Ordinary People was revolutionary at the time of its release because of the way it depicted Conrad’s psychiatrist, Dr. Berger. Previously, television and movies presented psychiatrists and others in the psychological field as “shrinks” that had a negative connotation. Because of this adverse image, society at the time did not accept the idea as we do today. Dr. Berger is shown as an adult who helps Conrad immensely, as he teaches him to accept and feel his emotions, stand up to others, and be more willing to share his thoughts. The film showed how therapy was a useful way to channel your emotions rather than a place for someone who has “lost their mind”.

Welcome to Me

Welcome to Me is a comedy drama starring Kristen Wiig that was released in 2016. It follows the story of Alice, suffering from Borderline Personality Disorder, who wins an 86 million dollars lottery and spends almost all of it on a show about herself. Wigg portrays Alice sincerely as a person suffering from BPD. She spends her win on a random TV show, has erratic mood swings, tries to push away people who are close to her, and has a rocky relationship with her parents. The film also does a good job in normalizing BPD as popular films like Fatal Attraction and Misery show people with BPD as being murderous and harmful to others when most people with BPD in real life are the exact opposite – they tend to be harmful to themselves. It also shows how mental illnesses can cause a drift between family members, especially if they are from the older generation where mental health isn’t taken seriously. The film, however, ends on not on a profound but a good note, showing audiences that treating such illness take time and patience and can’t be done overnight.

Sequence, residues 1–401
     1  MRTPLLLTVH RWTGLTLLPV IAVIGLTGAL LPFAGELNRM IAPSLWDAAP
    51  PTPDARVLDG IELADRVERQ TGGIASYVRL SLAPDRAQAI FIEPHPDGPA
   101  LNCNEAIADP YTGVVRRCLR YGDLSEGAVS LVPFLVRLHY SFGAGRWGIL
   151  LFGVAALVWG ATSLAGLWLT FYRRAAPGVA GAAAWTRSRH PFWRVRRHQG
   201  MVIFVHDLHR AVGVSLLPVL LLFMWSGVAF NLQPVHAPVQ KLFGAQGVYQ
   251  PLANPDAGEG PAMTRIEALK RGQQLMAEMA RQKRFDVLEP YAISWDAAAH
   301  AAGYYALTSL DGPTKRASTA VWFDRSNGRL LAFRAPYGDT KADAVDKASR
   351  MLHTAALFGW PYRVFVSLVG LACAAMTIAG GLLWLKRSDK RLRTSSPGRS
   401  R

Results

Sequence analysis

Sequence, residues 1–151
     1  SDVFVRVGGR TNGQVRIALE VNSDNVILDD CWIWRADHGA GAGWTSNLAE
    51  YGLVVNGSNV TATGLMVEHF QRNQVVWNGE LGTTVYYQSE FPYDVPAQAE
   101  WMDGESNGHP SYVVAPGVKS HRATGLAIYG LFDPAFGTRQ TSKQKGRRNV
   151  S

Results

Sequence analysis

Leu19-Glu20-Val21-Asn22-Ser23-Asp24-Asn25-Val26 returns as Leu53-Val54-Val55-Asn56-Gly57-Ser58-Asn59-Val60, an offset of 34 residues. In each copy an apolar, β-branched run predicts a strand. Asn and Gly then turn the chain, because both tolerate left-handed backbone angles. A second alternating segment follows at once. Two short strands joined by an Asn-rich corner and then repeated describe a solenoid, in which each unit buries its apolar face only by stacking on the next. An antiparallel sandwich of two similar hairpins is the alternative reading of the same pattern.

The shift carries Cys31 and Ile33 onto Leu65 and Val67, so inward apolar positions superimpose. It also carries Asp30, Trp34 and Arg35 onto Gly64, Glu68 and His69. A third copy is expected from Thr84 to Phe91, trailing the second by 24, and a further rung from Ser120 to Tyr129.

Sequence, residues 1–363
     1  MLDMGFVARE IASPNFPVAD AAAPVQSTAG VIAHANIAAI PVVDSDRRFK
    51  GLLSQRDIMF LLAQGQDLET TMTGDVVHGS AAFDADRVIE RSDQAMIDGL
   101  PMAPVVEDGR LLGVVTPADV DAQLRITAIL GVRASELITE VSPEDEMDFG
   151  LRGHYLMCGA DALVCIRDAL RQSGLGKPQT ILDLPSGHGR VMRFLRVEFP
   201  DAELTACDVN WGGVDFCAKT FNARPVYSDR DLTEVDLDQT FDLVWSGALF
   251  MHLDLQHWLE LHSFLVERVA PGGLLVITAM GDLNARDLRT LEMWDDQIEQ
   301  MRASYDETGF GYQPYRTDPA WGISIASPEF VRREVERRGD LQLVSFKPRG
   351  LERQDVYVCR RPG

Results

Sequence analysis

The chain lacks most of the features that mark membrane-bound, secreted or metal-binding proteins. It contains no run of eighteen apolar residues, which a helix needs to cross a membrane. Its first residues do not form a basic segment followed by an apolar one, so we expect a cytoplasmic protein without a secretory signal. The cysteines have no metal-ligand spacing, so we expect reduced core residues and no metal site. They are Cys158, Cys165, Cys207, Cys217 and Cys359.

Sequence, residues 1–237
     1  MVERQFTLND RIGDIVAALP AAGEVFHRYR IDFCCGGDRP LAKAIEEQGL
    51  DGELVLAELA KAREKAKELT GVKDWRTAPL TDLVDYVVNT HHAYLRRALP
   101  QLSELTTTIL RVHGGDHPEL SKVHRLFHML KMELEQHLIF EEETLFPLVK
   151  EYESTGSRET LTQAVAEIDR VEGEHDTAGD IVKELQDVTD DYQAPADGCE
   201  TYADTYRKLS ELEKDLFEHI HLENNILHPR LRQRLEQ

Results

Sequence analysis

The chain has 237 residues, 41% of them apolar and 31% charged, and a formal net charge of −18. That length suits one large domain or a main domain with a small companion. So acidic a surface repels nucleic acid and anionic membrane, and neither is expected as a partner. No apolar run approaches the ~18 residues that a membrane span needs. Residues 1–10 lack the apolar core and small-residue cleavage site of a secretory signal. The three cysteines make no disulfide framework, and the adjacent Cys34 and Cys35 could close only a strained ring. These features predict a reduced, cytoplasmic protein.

Little Miss Sunshine

Little Miss Sunshine is a comedy road drama that was released in 2006. The film follows the story of a dysfunctional family consisting of an overworked mother, an obnoxious father, a drug addict grandpa, an existentially traumatized brother, a suicidal uncle and, last but not the least, the small ray of sunshine keeping them intact, a cute little daughter. The issue of Frank, the uncle, is subtle yet powerful throughout the film. From the bandages on his wrists to his sad, sunken eyes, it’s shown that he is still vulnerable and cannot be left alone. 

Similarly, Frank’s interaction with other family members show how depression is still a delicate matter in the society as everyone is shown to never directly address it and it looms like a deafening silence when everyone is together. However, as the film progresses, Frank is shown to slowly feel better about himself thanks to the support from his family as well as his experiences. Most importantly, the film does a great job in showing that people with depression are capable of getting better, if they are provided with the right help, lots of love and a little time.

Leave A Comment